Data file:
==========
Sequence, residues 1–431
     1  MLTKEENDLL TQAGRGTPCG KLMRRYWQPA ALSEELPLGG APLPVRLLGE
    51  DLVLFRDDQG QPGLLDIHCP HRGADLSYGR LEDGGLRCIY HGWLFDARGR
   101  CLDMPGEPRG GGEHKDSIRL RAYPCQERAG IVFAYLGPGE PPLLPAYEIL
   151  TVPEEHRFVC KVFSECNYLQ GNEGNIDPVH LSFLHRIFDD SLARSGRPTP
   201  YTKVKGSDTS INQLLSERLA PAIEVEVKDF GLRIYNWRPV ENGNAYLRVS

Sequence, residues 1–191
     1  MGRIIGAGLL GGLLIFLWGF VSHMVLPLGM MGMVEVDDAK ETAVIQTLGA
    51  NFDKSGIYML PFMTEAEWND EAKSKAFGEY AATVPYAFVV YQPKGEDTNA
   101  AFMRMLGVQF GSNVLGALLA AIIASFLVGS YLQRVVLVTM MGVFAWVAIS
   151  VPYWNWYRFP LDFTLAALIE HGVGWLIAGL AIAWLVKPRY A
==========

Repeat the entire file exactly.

Sequence, residues 1–431
     1  MLTKEENDLL TQAGRGTPCG KLMRRYWQPA ALSEELPLGG APLPVRLLGE
    51  DLVLFRDDQG QPGLLDIHCP HRGADLSYGR LEDGGLRCIY HGWLFDARGR
   101  CLDMPGEPRG GGEHKDSIRL RAYPCQERAG IVFAYLGPGE PPLLPAYEIL
   151  TVPEEHRFVC KVFSECNYLQ GNEGNIDPVH LSFLHRIFDD SLARSGRPTP
   201  YTKVKGSDTS INQLLSERLA PAIEVEVKDF GLRIYNWRPV ENGNAYLRVS

Sequence, residues 1–191
     1  MGRIIGAGLL GGLLIFLWGF VSHMVLPLGM MGMVEVDDAK ETAVIQTLGA
    51  NFDKSGIYML PFMTEAEWND EAKSKAFGEY AATVPYAFVV YQPKGEDTNA
   101  AFMRMLGVQF GSNVLGALLA AIIASFLVGS YLQRVVLVTM MGVFAWVAIS
   151  VPYWNWYRFP LDFTLAALIE HGVGWLIAGL AIAWLVKPRY A